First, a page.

Samsung does not want to repeat the Galaxy Note 7 fiasco this year. And while it has suffered a huge margin in terms of cost as well losing the trust of its customers, apparently, Samsung has decided to re-assess the manufacturing process of its products.
The Korean tech giant at a recent press conference has announced a new process an "8-point Battery Safety Check", to ensure the reliability and safety of its future products. Samsung has stated that since the Galaxy Note 7 recall, the company re-assessed every step of the smartphone manufacturing process and has now developed the 8-Point Battery Safety Check. The company added that the process involves putting the batteries through extreme testing, inside and out, followed by the careful inspection by X-ray and the human eye. Finally, Samsung affirmed that the company was making a stronger commitment to safer devices.
However, the new process will enable the company to test the safety of its batteries in its products more effectively and efficiently. The process does involve a number of rigid tests and inspections.
Starting with the process, Samsung will first carry out a durability test, which includes overcharging the battery, puncturing it with a nail, and also placing the battery in an environment with extreme temperatures.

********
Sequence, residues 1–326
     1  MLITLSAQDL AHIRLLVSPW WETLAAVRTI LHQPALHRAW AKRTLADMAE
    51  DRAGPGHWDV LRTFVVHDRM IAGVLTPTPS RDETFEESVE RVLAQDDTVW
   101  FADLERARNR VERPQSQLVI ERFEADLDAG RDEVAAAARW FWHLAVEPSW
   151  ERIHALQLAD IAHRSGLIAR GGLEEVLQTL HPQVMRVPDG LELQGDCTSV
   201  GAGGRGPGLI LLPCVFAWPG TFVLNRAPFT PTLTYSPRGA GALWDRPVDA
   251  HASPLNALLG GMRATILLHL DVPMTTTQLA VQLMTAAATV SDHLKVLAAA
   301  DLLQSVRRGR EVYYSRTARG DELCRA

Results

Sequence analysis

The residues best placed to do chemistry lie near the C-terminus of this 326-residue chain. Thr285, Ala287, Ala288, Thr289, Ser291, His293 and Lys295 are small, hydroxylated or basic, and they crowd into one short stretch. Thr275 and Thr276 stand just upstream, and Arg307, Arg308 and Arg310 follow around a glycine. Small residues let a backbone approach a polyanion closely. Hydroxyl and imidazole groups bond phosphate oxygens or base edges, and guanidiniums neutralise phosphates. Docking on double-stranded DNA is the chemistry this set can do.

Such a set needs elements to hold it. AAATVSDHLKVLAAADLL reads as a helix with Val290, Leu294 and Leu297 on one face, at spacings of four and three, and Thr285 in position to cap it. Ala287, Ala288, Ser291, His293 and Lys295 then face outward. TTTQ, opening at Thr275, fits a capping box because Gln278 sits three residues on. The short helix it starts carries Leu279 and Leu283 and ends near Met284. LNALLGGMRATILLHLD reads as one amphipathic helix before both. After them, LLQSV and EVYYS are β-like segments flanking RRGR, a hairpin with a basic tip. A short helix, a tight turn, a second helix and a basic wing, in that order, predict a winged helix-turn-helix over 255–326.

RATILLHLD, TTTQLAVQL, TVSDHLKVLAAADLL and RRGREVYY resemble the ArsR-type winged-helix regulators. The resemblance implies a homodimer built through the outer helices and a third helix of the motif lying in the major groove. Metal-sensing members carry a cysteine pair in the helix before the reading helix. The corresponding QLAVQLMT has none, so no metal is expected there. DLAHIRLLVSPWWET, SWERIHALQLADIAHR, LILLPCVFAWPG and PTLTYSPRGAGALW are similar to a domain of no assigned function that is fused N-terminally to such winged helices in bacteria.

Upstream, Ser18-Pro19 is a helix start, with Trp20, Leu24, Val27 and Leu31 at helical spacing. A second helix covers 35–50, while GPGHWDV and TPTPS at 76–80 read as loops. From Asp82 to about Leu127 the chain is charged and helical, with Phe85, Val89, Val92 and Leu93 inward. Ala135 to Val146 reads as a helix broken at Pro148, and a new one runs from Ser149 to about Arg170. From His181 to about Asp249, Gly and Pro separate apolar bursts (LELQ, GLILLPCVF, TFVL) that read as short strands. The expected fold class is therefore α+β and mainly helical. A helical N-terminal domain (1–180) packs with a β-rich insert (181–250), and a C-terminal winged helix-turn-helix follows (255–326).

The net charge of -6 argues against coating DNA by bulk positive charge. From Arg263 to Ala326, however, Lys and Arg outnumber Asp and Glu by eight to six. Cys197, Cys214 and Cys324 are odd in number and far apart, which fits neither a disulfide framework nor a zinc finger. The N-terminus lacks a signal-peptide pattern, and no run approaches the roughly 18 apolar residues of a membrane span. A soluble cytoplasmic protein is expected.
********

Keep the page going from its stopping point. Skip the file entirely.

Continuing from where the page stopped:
Samsung will then visually inspect the batteries, according to its guideline of standardized and objective criteria. After that, the batteries will be put under an X-Ray and Samsung engineers will check the batteries for any internal abnormalities. Subsequently, the batteries will also be charged and discharged multiple times, on a large-scale. A TVOC (Total Volatile Organic Compound) test will also be carried out. This test is done to ensure the batteries will not leak any of the volatile organic compound contained within it.
Next up, Samsung engineers will disassemble the batteries, to assess the quality of the batteries. During the said test, the insulation tape and battery tab welding will also be assessed, which are key components of a safe battery.
Samsung will also perform an intensive test that will simulate accelerated usage scenarios by the users. The final test will be a ΔOCV (Delta Open Circuit Voltage) test which will check for any change in the voltage of the batteries throughout the manufacturing process. From the moment the components are placed on the assembly line, till the product comes out as a finished good.